United States District Court, M.D. Alabama, Northern Division
RECOMMENDATION OF THE MAGISTRATE JUDGE
CHARLES S. COODY, UNITED STATES MAGISTRATE JUDGE
Clayton Thomason (“Thomason”) filed this pro
se petition for writ of habeas corpus under 28 U.S.C.
§ 2254 on March 4, 2019. Doc. # 1. Thomason attacks
his Elmore County, Alabama misdemeanor conviction for failure
to obtain a homebuilder's license, for which he received
a 10-day suspended sentence and was placed on 12 months of
unsupervised probation. For the reasons that follow, the
court finds that Thomason is entitled to no relief.
RELEVANT STATE COURT PROCEEDINGS
January 20, 2015, Thomason was convicted in the Elmore County
District Court for failure to obtain a homebuilder's
license in violation of § 34-14A-14, Ala. Code 1975, a
misdemeanor. Doc. # 12-1 at 1. The court imposed a 10-day
suspended sentence and placed Thomason on 12 months'
unsupervised probation. Id. Pursuant to §
12-12-70(b), Ala. Code 1975, Thomason appealed to the Elmore
County Circuit Court for a trial de novo.
See § 12-12-71, Ala. Code 1975. Doc. # 12-1 at
2; Doc. # 12-4 at 1.
the pendency of his appeal to the state circuit court,
Thomason attempted to appeal his conviction to the Alabama
Court of Criminal Appeals. Doc. # 12-4. The Alabama Court of
Criminal Appeals dismissed the appeal on March 10, 2016,
explaining that “jurisdiction of one case cannot be in
two courts at the same time” and that jurisdiction of
Thomason's case was in the Elmore County Circuit Court.
Doc. # 12-5 at 1.
September 19, 2016, when Thomason failed to appear for the
trial de novo, the Elmore County Circuit Court
dismissed his appeal and remanded the case to the district
court to enforce his sentence. See Doc. # 12-2 at 6;
Doc. # 12-3; Doc. # 12-7 at 1. The circuit court noted on its
case action summary that Thomason's sentence was to begin
on September 19, 2016. Doc. # 12-2 at 6. Thomason attempted
to appeal the circuit court's order of dismissal to the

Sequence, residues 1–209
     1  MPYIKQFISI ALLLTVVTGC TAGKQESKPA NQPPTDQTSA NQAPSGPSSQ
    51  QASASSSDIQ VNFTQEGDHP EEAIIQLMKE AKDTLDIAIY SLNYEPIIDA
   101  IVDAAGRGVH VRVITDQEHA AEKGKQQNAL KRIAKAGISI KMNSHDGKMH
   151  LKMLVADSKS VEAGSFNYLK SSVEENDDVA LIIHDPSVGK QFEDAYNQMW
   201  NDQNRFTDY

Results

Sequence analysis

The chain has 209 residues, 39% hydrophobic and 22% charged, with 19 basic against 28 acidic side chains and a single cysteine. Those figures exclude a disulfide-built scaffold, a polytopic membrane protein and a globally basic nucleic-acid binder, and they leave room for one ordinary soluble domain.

Alabama Court of Criminal Appeals, but the appeal was
dismissed on grounds that the circuit court's order was
unappealable. Doc. # 12-7.
11, 2017, Thomason filed a petition in the district court
collaterally attacking his conviction under Rule 32 of the
Alabama Rules of Criminal Procedure. See Doc. # 12-8
at 1. The district court denied Thomason's Rule 32
petition on July 11, 2017. Doc. # 12-8 at 1. Thomason did not
appeal that dismissal, but on July 14, 2017, he filed in the
Alabama Court of Criminal Appeals what that court construed
as a petition for writ of mandamus. Doc. # 12-9. The Alabama
Court of Criminal Appeals transferred the mandamus petition
to the Elmore County Circuit Court for disposition. Docs. #
12-9 & 12- 10. The circuit court denied the mandamus
petition on October 3, 2017. Docs. # 12-11 & 12-12.
Thomason appealed to the Alabama Court of Criminal Appeals,
which dismissed the appeal on November 28, 2017, because
Thomason failed to pay the requisite filing fee. Doc. #
12-13. Thomason petitioned the Alabama Supreme Court for
review of the Alabama Court of Criminal Appeals' ruling,
and the petition for certiorari was stricken on February 27,
2018, because it was untimely filed. Docs. # 12-13 &
THOMASON'S § 2254 PETITION
March 4, 2019, Thomason filed this § 2254 petition for
habeas corpus relief challenging his Elmore County District
Court conviction. His petition presents claims that (1) the
district court did not have jurisdiction to convict or
sentence him because he was not appointed an attorney; (2)
his double jeopardy rights were violated because he received
multiple convictions for the same crime in the same
jurisdiction; (3) his arrest was illegal because he could not
seek administrative relief prior to being charged criminally;
and (4) the charging instrument upon which he was convicted
was based on a forged document, which amounted to
“fraud on the court.” Doc. # 1 at 5-24.
“In Custody” Requirement
district courts have jurisdiction to entertain § 2254
petitions only from a person “in custody
pursuant to the judgment of a State court only on the ground
that he is in custody in violation of the Constitution or
laws or treaties of the United States.” 28 U.S.C.
§ 2254(a) (emphasis added); see, e.g., Means v.
Alabama, 209 F.3d 1241, 1242 (11th Cir. 2000). The
Supreme Court in Maleng v. Cook, 490 U.S. 488
(1989), stated that this “in custody” requirement
means “the habeas petitioner [must] be ‘in
custody' under the conviction or sentence under attack at
the time his petition is filed.” 490 U.S. at 490- 91. A
petitioner is considered “in custody” for
purposes of habeas jurisdiction while he is on probation or
parole. See id. at 491. Where a habeas
petitioner's sentence has expired, he does not meet the
“in custody” requirement. Id.
noted above, when Thomason was convicted in the Elmore County
District Court, that court imposed a 10-day suspended
sentence and placed Thomason on 12 months' unsupervised
probation. Thomason appealed to the Elmore County Circuit
Court for a trial de novo, but that appeal was
dismissed on September 19, 2016, when Thomason failed to
appear. In dismissing the appeal, the circuit court remanded
the case to the district court to enforce Thomason's
sentence, noting that Thomason's sentence was to begin on
September 19, 2016. See Doc. # 12-2 at 6; Doc. #
12-3; Doc. # 12-7 at 1. Therefore, Thomason's
unsupervised probation would have ended 12 months later, on
approximately September 19, 2017. Thomason filed his §
2254 petition on March 4, 2019. Because his sentence,